Increases in Rates of Insured Don't Harm Continuously Insured

This article originally appeared here.
Share this content:
Increases in Rates of Insured Don't Harm Continuously Insured
Increases in Rates of Insured Don't Harm Continuously Insured

WEDNESDAY, May 10, 2017 (HealthDay News) -- Increases in insurance coverage from 2008 to 2014 were not associated with worse access to care for continuously insured adults, according to a study published in the May issue of Health Affairs.

Salam Abdus, Ph.D., and Steven C. Hill, Ph.D., from the Agency for Healthcare Research and Quality in Rockville, Md., evaluated data from the Medical Expenditure Panel Survey for 2008 to 2014. The authors sought to examine how health care providers' capacity to supply additional services may have affected access to care for people who were already insured.

The researchers found no consistent evidence that increases in the proportion of adults with insurance at the local-area level affected access to care for those adults who already had and continued to have insurance, residing in the same areas. This lack of correlation was seen across eight measures of access, including preventive care receipt, and was also seen for two adult subpopulations that may have been at increased risk for compromised access: those in areas with shortage of health care professionals and Medicaid beneficiaries.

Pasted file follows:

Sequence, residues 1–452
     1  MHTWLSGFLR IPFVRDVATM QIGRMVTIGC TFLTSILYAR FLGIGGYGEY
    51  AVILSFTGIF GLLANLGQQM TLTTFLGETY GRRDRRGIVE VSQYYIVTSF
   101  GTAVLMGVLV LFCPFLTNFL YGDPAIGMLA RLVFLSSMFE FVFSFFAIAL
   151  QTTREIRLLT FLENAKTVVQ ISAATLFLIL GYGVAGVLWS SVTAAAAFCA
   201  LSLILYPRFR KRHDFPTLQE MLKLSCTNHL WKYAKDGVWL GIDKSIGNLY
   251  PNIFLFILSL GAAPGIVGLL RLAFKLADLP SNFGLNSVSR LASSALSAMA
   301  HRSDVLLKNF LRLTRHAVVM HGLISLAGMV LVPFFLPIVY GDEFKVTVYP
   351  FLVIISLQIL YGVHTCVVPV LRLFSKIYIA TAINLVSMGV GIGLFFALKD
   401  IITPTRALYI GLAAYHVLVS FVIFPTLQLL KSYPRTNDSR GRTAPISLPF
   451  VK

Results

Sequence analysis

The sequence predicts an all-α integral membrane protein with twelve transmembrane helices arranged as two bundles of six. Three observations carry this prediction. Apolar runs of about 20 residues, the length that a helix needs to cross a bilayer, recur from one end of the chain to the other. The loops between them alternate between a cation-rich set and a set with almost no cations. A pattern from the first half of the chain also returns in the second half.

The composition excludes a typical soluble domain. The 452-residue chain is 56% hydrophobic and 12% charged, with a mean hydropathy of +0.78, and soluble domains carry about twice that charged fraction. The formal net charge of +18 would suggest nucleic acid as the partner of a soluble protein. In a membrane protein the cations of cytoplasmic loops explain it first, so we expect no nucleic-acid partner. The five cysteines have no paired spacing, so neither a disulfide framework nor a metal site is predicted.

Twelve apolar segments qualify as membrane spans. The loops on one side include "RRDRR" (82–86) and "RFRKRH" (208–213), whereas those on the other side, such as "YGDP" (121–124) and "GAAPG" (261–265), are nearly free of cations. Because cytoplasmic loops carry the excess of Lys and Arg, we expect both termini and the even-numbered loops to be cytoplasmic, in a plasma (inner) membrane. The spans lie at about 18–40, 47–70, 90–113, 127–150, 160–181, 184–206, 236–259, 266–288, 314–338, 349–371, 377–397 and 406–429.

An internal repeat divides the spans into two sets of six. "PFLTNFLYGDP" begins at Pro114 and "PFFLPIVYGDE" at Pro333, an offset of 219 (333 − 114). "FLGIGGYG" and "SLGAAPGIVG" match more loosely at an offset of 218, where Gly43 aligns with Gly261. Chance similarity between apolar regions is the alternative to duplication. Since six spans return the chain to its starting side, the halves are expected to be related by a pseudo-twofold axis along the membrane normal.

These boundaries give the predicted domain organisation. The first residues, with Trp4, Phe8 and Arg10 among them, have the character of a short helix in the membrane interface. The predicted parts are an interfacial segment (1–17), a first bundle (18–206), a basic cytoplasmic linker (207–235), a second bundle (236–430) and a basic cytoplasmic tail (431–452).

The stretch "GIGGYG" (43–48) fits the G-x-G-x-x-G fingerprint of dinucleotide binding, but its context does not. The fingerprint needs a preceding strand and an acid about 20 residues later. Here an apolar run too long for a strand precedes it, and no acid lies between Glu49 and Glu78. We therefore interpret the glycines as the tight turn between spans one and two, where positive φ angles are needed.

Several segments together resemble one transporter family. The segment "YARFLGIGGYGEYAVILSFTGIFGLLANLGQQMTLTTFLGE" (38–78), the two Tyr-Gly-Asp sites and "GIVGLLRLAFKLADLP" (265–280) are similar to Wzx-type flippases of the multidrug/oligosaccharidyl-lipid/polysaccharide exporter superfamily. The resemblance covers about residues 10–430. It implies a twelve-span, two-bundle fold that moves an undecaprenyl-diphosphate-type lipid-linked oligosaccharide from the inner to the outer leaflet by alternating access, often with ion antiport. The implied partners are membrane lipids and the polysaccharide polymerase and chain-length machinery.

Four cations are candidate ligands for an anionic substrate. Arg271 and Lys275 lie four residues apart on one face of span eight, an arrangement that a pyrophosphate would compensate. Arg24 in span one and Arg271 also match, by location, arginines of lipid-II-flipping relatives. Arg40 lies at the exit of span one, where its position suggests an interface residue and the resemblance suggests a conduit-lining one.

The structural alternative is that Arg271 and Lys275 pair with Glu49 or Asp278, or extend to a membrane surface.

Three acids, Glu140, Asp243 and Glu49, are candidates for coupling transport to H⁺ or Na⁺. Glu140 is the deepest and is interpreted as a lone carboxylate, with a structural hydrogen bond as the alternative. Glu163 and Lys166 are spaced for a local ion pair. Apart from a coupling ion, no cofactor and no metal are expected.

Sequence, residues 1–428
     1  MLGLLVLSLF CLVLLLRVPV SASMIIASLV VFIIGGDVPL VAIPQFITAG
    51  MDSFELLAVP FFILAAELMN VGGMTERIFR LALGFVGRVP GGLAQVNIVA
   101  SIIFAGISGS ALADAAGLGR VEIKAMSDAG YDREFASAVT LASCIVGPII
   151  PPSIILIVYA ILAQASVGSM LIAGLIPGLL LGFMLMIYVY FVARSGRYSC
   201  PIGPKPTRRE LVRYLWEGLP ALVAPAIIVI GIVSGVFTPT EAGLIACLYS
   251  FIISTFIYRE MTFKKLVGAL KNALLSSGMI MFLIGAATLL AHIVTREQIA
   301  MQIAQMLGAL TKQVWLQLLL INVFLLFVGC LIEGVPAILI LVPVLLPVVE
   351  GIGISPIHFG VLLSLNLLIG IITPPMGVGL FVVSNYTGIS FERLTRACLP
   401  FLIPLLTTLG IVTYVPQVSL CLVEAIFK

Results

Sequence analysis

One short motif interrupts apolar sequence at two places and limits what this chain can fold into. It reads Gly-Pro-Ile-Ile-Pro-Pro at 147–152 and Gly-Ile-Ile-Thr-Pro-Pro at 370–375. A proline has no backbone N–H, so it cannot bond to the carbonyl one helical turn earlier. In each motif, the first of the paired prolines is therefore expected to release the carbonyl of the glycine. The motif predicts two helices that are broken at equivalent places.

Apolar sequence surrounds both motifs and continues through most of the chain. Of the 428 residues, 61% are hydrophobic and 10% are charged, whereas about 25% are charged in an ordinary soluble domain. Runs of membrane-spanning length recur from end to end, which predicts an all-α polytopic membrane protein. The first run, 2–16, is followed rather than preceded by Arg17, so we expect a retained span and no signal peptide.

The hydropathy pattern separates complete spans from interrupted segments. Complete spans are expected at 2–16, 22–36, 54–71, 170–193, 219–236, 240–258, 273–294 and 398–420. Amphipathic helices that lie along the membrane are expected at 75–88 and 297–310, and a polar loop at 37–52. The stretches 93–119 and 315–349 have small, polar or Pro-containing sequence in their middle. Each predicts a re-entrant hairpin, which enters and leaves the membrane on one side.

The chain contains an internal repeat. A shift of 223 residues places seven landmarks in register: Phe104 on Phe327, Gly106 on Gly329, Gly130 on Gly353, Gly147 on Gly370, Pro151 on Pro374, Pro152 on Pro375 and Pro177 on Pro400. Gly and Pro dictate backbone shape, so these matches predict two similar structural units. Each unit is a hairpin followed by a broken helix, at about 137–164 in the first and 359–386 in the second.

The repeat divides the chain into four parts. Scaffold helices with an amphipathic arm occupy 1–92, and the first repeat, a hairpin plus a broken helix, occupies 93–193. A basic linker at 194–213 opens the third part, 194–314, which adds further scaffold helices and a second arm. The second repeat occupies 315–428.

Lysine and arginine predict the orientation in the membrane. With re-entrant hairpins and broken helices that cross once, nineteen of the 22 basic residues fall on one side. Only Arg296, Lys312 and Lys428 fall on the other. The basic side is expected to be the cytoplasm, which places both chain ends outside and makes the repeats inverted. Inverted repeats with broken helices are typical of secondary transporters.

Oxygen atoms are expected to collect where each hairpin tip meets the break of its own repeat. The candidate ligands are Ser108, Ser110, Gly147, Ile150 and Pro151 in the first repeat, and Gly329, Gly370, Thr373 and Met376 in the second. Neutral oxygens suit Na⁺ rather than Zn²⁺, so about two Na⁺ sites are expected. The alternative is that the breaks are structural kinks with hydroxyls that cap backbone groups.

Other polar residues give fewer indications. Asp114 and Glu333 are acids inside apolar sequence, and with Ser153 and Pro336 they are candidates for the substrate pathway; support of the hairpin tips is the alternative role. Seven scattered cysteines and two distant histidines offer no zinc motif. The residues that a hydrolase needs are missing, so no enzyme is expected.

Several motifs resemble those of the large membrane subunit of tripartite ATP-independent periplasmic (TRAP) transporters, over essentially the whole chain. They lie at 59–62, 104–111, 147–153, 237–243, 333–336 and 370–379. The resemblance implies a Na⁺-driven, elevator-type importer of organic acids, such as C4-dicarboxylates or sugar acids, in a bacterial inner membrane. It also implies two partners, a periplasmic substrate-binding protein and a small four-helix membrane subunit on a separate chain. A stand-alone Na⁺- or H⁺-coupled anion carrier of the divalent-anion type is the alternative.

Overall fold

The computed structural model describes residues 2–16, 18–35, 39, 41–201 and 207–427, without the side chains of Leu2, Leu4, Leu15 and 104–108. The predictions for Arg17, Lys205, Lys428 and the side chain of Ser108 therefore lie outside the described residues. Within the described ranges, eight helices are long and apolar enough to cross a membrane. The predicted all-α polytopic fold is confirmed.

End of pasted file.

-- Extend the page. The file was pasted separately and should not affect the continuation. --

"We found no consistent evidence that increases in insurance coverage rates among adults from 2008 to 2014 were associated with worsened access to care among adults who were continuously insured," the authors write.

Abstract
Full Text (subscription or payment may be required)

Share this content:

is free, fast, and customized just for you!




Already a member?

Sign In Now »

Drug Lookup

Browse drugs by: BrandGenericDisease

Trending Activities

All Professions



Sign up for myCME e-newsletters




More in Home

Non-Nutritive Sweeteners Don't Up Blood Glucose Levels

Non-Nutritive Sweeteners Don't Up Blood Glucose Levels

Concentration of NNSs decreases gradually over the course of observation after consumption

Laws Allowing Service Denial to Sexual Minorities Tied to Distress

Laws Allowing Service Denial to Sexual Minorities Tied ...

Laws permitting denial of services linked to increase in mental distress among sexual minorities

Antidepressant Prescribing Linked to Lasting Weight Gain

Antidepressant Prescribing Linked to Lasting Weight Gain

Risk of weight gain remained increased during at least six years of follow-up